size. And the boy was nursed the second year, and then he was as large as a child six years old. And before the end of the fourth year, he would bribe the grooms to allow him to take the horses to water.
"My lord," said his wife unto Tiernyon, "where is the colt which thou didst save on the night that thou didst find the boy?"
"I have commanded the grooms of the horses," said he, "that they take care of him."
"Would it not be well, lord," said she, "if thou wert to cause him to be broken in, and given to the boy, seeing that on the same night that thou didst find the boy, the colt was foaled, and thou didst save him?"
"I will not oppose thee in this matter," said Tiernyon. "I will allow thee to give him the colt."
"Lord," said she, "may Heaven reward thee! I will give it him." So the horse was given to the boy. Then she went to the grooms and those who tended the horses, and commanded them to be careful of the horse, so that he might be broken in by the time that the boy could ride him.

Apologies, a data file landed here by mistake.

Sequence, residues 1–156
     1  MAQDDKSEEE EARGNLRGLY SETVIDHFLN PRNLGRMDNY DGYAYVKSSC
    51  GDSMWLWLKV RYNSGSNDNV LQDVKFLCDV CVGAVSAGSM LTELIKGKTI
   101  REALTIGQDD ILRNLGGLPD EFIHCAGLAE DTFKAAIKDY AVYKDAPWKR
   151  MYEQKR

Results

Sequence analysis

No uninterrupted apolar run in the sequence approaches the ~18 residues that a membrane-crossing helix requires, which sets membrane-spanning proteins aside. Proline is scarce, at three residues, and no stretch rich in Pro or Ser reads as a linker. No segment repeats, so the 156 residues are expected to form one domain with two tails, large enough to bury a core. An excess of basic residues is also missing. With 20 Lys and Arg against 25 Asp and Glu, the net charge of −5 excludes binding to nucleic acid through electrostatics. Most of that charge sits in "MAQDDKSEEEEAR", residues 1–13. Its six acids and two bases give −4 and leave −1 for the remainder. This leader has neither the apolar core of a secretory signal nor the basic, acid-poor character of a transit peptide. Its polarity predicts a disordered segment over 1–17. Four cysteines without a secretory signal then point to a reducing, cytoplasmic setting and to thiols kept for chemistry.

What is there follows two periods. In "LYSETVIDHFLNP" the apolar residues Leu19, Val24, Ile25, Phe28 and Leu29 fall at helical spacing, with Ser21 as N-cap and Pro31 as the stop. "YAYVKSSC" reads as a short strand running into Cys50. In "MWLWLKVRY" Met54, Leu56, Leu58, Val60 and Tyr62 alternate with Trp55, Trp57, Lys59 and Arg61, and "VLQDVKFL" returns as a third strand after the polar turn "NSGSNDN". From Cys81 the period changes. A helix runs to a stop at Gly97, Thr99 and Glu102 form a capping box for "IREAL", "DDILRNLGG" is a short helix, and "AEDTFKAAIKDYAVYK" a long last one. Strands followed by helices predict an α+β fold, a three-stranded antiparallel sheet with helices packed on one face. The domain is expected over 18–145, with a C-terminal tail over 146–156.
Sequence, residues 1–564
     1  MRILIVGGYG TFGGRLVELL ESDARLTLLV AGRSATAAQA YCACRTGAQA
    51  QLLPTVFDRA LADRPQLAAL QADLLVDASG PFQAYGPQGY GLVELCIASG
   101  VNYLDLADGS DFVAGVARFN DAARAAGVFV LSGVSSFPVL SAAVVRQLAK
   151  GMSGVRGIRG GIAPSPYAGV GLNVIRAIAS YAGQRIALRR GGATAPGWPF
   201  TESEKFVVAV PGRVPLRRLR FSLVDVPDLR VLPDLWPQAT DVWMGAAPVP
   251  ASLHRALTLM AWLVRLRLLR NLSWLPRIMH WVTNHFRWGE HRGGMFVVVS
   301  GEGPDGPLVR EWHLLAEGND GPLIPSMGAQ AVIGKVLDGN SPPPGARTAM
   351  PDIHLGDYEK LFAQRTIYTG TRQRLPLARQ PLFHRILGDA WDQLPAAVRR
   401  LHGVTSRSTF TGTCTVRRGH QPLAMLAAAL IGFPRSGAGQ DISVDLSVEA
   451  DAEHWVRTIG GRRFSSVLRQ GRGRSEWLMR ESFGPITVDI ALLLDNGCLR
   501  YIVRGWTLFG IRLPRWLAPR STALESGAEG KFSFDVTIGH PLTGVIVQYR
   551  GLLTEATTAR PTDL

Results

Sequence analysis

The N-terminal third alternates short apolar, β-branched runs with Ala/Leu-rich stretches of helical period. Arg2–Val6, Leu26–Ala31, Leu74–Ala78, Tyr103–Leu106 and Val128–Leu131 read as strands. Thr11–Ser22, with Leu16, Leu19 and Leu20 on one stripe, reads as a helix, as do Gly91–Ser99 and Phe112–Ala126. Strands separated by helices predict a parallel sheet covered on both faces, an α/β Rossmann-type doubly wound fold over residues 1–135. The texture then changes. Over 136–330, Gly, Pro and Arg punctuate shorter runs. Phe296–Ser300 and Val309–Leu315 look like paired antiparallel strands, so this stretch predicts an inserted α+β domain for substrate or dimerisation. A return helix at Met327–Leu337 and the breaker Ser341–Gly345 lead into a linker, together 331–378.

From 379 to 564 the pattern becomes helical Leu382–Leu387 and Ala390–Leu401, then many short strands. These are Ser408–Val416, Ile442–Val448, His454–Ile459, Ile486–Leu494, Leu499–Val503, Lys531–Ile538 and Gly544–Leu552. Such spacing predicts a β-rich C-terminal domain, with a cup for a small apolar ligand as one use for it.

And while these things were going forward, they heard tidings of Rhiannon and her punishment. And Teirnyon Twryv Vliant, by reason of the pity that he felt on hearing this story of Rhiannon and her punishment, inquired closely concerning it, until he had heard from many of those who came to his court. Then did Teirnyon, often lamenting the sad history, ponder with himself; and he looked steadfastly on the boy, and as he looked upon him, it seemed to him that he had never beheld so great a likeness between father and son as between the boy and Powel the chief of Annuvyn. Now the semblance of Powel was well known to him, for he